Posted by Ryan M Johnson on September 23, 2016
Photo from page 8 of the “Collector’s Illustrated Encyclopedia of the American Revolution”.
Article continues below photo.
A good gun. Proper ammunition and maintenance tools for that gun. A good knife. A good tomahawk or hatchet. Proper hydration.
Some things just don't change.
The list above was good advice during the American Revolution and it's solid advice now.
Some Modern Patriots still carry these items. In the 1700's the knife and tomahawk paired well as tools for the wilderness, camp, tools for dressing game and as weapons. They still serve these purposes, but with a new important addition: Breaching.
Most people relegate breaching in their minds to Entry Teams blowing doors and using rams.
This way of thinking is not unlike the thoughts on Active Shooter response before the Columbine shootings, where waiting on the SWAT team cost lives. Or the thoughts on LEO breaching before the Virginia Tech shooting where the shooter chained the internal doors. Responding officers didn't have the equipment or knowledge to get through those doors and had to find an alternate route. Burning time.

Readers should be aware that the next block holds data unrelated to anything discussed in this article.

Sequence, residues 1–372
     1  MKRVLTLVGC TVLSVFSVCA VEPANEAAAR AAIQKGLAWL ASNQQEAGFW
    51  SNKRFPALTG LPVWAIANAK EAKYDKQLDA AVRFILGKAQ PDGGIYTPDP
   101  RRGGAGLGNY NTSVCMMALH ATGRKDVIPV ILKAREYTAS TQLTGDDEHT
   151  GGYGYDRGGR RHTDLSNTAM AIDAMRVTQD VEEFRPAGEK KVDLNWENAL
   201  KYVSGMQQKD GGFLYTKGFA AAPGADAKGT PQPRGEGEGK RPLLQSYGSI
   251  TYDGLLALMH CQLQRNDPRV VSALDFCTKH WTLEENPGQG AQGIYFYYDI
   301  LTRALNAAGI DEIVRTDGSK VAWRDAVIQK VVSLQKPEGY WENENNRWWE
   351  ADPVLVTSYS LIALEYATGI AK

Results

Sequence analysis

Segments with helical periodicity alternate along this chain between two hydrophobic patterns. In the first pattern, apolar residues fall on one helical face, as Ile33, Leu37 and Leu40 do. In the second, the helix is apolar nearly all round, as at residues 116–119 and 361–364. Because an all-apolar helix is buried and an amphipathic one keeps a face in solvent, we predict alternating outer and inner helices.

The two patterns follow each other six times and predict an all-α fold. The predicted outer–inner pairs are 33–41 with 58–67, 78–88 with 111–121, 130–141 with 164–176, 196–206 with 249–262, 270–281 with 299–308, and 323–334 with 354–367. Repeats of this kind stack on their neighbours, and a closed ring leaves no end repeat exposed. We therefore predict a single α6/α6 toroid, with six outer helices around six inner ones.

Every shooter "Moves to Contact". To shoot you must "Be on Target".
Because the modern battlespace is more often than not urban areas and buildings, breaching naturally becomes a component of moving to target. You breach to move forward.
A tomahawk like the Shrike is an easy to carry, light weight, small footprint tool that can help you with the kinds of light breaching a shooter encounters most. Need to break a chain? Bust a lock? Rake glass from a window? A tomahawk allows you to do these things without risking damage to you or your primary weapon. Yes you can manhandle stuff, yes you can rake a window with your barrel. But you do these things at the risk of taking yourself or your weapon out of the fight.
The right tool for the right job.
Thinking like this is more important than ever. Life as we know it is not sustainable and we face a war more likely than not fought at home.
Like the frontier men and women of 230 years ago, we must be prepared to fight in a brave and rugged future.